The king of Morven had started from sleep, as we rolled on the dark-blue wave. He stretched his hand to his spear, his heroes rose around. We knew that he bad seen his fathers, for they often descended to his dreams, when the sword of the foe rose over the land" and the battle darkened before us. “Whither hast thou fled, O windo’ said the king of Morven. “Dost thou rustle in the chambers of the south o pursuest thou the shower in other lands ! Why dost thou not come to my sails? to the blue face of my seas The foe is in the land of Morven, and the king is absent far. But let each bind on his mail, and each assume his shield. Stretch every spear over the wave; let every sword be unsheathed. Lathmon is before us with his host; he that fled from Fingal on the plains of Lona. But he returns like a collected stream, and his roar is between our hills.” Such were the words of Fingal. We rushed into Carmon's bay. Ossian ascended the hill! he thrice struck his bossy shield. The rock of Morven replied: the bounding roes came forth. The foe was troubled in my presence: he collected his darkened host. I stood like a cloud on the hill, rejoicing in the arms of my youth. Morni sat beneath a tree. on the roaring waters of Strumon: his locks of age are gray: he leans forward on his staff; young Gaul is near the hero, hearing the battles of his father. Often did he rise in the fire of his soul, at the mighty deeds of Morni. The aged heard the sound of Ossian's shield; he knew the sign of war. He started at once from his place. His gray hair parted on his back. He remembered the deeds of other years. “My son,” he said, to fair-haired Gaul, “I hear the sound of war. The king of Morven is returned; his signals are spread on the wind. Go to the halls of Strumon; bring his arms to Morni. Bring the shield of my father's latter years, for my arm begins to faii. Take thou thy armor, O Gauls and rush to the first of thy battles. Let thine arm reach to the renown of *hy fathers. Be thy course in the field like the eagle's wing. Why shouldst thou fear death, my son thu valiant fall with famg; their shields turn the dark stream of danger away; renown dwells on their aged hairs. Dost thou not see, O Gaull how the steps of - my age are honored Morni moves forth, and the young men meet him, with silent joy, on his course. But I never fled from danger, my son' my sword lightened through the darkness of war. The stranger melted before me; the mighty were blasted in my presence.” Gaul brought the arms to Morni: the aged warrior is covered with steel. He took the spear in his hand, which was stained with the blood of the valiant. He came towards Fingal; his son attended his steps. The son of Comhal arose before him with joy, when he came in his locks of age. “Chief of the roaring Strumon s” said the rising soul of Fingal; “do I behold thce in arms, after thy strength has failed ! Often has Morni shone in fight, like the beam of the ascending sun; when he disperses the storms of the hill, and brings peace to the glittering fields. But why didst thou not rest in thine age 2 Thy renown is in the song. The people behold thee, and bless the departure of mighty Morni. Why didst thou not rest in thine age The foe will vanish before Fingals” “Son of Comhal,” replied the chief, “the strength of Morni's arm has failed. I attempt to draw the sword of my youth, but it remains in its place. I throw the spear, but it falls short of the mark. I feel the weight of my shield. We decay like the grass of the hill; our strength returns no more. I have a son, O Fingal' his soul has delighted in Morni's deeds; but his sword has not been lifted against a foe, neither has his fame begun. I come with him to the war; to direct his arm in fight. His renown will be a light to my scul. in the dark hour of my departure. O that the name of Morni were forgot among the people! that the heroes would only say, ‘Behold the father of Gaull’.” “King of Strumon,” Fingal replied, “Gaul shall list the sword in fight. But he shall lift it before Fingal; my arm shall defend his youth. But rest thou in the halls of Selma, and hear of our renown. Bid the harp to be strung, and the voice of the bard to arise, that those who fall may rejoice in their fame, and the soul of Morni brighten with joy. Ossian, thou hast fought in battles: the blood of strangers is on thy spear: thy course be with Gaul in the strife; but depart not from the side of Fingal, lest the foe should find you alone, and your fame fail in my presence.” “* I saw Gaul in his arms; my soul was mixed with his. The fire of the battle was in his eyes! he looked to the foe with joy. We spoke the words of friendship in secret; the lightning of our swords poured together; for we drew them behind the wood, and tried the strength of our arms on the empty air!” Night came down on Morven. Fingal sat at the beam of the oak. Morni sat by his side with all his gray-waving locks. Their words were of other times, of the mighty deeds of their fathers. Three bards, at times, touched the harp: Ullin was near with his song: He sung of the mighty Comhal; but darkness gathered on Morni’s brow. He rolled his red eye on Ullin: at once ceased the song of the bard. Fingal observed the aged hero, and he mildly spoke: “Chief of Struin n, why that darkness? Let the days of other years be forgot. Our fathers contended in war; but we meet together at the feast. Our swords are turned on the foe of our land: he melts before us on the field.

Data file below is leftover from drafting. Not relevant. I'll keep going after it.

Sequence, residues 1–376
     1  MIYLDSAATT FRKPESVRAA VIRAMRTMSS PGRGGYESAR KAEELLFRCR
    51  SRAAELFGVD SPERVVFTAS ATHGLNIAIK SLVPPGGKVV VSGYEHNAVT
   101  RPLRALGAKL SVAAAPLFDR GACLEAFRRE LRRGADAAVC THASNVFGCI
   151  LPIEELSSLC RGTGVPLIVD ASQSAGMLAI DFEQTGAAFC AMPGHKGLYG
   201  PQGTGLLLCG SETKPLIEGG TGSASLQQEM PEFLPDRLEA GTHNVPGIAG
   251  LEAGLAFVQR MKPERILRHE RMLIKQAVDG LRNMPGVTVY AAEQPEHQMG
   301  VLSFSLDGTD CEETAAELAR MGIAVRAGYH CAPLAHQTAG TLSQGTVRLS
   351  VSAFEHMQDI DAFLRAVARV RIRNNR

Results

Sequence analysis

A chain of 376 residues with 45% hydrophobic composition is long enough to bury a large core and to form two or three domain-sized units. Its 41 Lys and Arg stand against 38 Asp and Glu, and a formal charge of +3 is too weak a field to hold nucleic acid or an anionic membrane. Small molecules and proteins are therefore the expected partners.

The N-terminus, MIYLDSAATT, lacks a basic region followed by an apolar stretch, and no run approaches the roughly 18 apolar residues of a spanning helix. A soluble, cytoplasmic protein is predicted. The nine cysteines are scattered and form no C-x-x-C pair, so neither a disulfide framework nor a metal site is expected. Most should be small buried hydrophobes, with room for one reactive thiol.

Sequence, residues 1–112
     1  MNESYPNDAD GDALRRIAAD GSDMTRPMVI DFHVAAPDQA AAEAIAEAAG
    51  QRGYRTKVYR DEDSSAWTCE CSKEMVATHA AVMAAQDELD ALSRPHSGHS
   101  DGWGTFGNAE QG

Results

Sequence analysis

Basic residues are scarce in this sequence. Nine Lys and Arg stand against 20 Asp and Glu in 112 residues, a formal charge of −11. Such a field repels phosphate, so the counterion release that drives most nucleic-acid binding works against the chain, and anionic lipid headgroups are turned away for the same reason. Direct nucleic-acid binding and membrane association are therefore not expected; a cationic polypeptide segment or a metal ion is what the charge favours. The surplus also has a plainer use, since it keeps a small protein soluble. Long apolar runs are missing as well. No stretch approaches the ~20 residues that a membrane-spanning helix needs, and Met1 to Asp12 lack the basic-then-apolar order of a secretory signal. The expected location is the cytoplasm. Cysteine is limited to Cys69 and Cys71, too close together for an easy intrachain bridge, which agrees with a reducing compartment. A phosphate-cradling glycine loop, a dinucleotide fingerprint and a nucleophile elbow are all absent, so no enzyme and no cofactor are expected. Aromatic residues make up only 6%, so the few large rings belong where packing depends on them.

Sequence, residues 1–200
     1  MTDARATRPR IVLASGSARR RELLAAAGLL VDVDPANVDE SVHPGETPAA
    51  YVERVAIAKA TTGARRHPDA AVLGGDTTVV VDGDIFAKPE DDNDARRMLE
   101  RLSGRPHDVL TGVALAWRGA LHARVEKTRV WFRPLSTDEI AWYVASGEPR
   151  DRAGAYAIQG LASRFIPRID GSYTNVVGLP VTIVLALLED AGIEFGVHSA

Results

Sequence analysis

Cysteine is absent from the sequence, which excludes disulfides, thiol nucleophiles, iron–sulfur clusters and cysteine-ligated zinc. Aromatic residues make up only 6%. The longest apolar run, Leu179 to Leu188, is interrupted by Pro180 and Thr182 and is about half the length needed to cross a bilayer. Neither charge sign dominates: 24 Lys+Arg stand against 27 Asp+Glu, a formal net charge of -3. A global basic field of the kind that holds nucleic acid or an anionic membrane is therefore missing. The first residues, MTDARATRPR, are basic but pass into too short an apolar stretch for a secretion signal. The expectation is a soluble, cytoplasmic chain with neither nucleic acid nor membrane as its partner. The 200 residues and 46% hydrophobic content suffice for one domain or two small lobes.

* Ossian speaks.